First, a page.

Today was the first day in a long time that I’ve 1) been home and 2) the weather has been nice enough to actually get some work done on Honey Badger. Over the New Year break I had managed to get some new parts and tools to help get some work done on the civilian Jeep and I’ve been itching to make some progress.
Key phrase: “some.”
It seems like ages ago now that I was starting to take the Jeep apart. The Steering Wheel/Column/Box assembly was one of those things that was going to be a major PITA.
In theory, it’s possible to remove the steering wheel and lift the body tub by removing about 8 bolts from the frame. You just remove the steering wheel, the gearshift knobs, the bolts, and lift the tub back and away from the chassis.
In reality, when I started looking at a couple of things, I realized that Badger was going to have some pretty big problems to fix. It seems quaint now, thinking about how I just needed to remove “one or two” things to get to what I had hoped to be simple fixes at the time.
First, there were the bolts that held the chassis to the frame…
Then there was the “hidden” bolt that I couldn’t get to from underneath, and had to find it from inside the tub:
Looking closer, I realized that there was very little “there” there:
Realizing that I was going to have to replace that part of the tub anyway, I went ahead and figured out where the bolt was trapped under the body and cut out a piece to disconnect it.
That doesn’t mean getting it out was going to be easy, either.
So, once the bolts were (ahem) removed, all I needed to do was remove the steering wheel in order to separate the tub from the chassis.
Right? Think again. The steering wheel was stuck, big-time:
No amount of WD-40, heat, time, or cursing got the steering wheel off the column, however, which meant that I was going to have to disassemble the worm gear from the steering box.
That meant removing the front fender to get access to the steering box. Fortunately, Jeep fenders are intended to be bolted onto the frame. Unfortunately, someone had welded the fenders to Badger’s frame, and had to be cut off.
Of course, that meant that there was going to have to be some additional cleanup work done to the frame:
As it turns out, it was a good thing that the fender had been welded to the frame (I suppose), because the only thing holding it to the tub was an intense amount of Bondo.
Well, at least the steering box was accessible. But did you really want to access this!?
I think I threw up in my mouth a little.
Finally loose, I was able to lift the steering column out through the tub and separate it from Jeep, along with a few other parts.
Amazingly, despite all the other calamities that were surrounding the steering column, the wheel itself was in very good shape.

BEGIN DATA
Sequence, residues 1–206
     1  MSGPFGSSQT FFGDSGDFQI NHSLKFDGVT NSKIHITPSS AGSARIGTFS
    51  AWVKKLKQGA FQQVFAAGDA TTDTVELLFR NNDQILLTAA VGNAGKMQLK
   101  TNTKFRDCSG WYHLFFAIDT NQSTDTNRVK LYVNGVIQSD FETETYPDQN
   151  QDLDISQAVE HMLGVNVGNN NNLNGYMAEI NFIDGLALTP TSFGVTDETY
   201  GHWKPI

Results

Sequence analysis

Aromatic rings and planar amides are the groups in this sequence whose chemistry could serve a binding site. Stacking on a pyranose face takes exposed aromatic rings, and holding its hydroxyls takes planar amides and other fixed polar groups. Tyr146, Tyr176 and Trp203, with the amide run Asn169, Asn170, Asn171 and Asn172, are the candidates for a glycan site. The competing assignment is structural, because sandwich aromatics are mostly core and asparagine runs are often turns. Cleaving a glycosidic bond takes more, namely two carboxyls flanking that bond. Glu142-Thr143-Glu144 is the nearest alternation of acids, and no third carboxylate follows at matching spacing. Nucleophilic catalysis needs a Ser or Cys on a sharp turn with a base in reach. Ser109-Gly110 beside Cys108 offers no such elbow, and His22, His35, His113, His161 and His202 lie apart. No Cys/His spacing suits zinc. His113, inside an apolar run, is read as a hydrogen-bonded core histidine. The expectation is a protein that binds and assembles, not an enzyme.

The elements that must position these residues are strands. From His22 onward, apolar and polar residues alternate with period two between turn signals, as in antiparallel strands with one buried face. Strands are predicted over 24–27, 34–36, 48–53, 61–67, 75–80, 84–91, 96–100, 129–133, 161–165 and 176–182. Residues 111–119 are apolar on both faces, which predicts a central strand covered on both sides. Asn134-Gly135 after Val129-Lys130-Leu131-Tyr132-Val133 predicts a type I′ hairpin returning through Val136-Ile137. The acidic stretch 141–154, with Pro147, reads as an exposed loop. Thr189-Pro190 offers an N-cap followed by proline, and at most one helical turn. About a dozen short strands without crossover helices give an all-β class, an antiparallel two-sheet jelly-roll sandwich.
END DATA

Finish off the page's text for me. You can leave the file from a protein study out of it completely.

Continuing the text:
I just needed to get it separated from the column. Obviously, being the only thing that seemed worth salvaging, and being rare to have one that was in good condition, I really wanted to save it. I’m not sure that I can save the rest of the column, although perhaps the worm shaft can be saved, because of a split in the metal column at the bottom that I don’t think is supposed to be there (but don’t know for sure).
I tried going to Harbor Freight and buying a steering wheel puller, but evidently it wasn’t made to take on cars as old as Badger.
Fast forward to this past New Year, and I bought a puller specifically made for Willys Jeeps of my era. I was a bit taken aback by the cost ($85) but when I got it I was thrilled to find out that it was very sturdy.
The puller set weighs over 3 lbs (even though it might not look nearly that heavy in the photo). The metal parts are welded together and I have to say, I was impressed.
So, reading the instructions carefully, I assembled the equipment around the head of the steering wheel, made sure that the bolts were even, and prepared myself to get the steering wheel to ‘pop’ off.
Well, gentle reader, you can pretty much guess what happened next.
Badger 1, J 0.
This is one tough steering wheel. After working through with lots more WD-40 I slowly and carefully worked through the pulling bolt.
After removing the puller, I looked at the wheel to see if it budged at all.
And so, the last hope that I had for keeping the original steering wheel for Badger just got twisted and warped out of reality, just like the puller itself.
Finding Solace in Brake Lines
It’s a bit discouraging, to be sure. I decided that I would go to work on some of the brakelines instead, since I had also received some T-junctions as part of my holiday Jeep loot.
I needed to get a T-junction to connect the rear brake lines, and I think it looks pretty nice, myself.
I’m not 100% sure, though, if I have the support rings in the right place, though. I mean, I believe that there’s only one place it can go for the rear passenger side:
But I can’t help but wonder if the driver’s side is too close to the differential, or if it should be symmetrical to the passenger side. Any thoughts/suggestions would be appreciated.
Here’s the thing: it fits, and there is some give in the rotation of the line (before the ring was placed, especially), but I’m concerned about what might happen as the Jeep’s suspension moves through it’s natural range of motion. Again, I’m open to advice here.
In any case, I was going to finish the front brake lines as well, when I realized that I couldn’t find the brake flex hoses for the front. I tore apart every place I could think of, but I have a sneaking suspicion they either got placed with Porkchop (who is getting his own brakes looked at by a mechanic at this point in time), or accidentally thrown out. This is particularly annoying as they were replacement hoses for a first set that went missing.
Oh well. Plodding onward.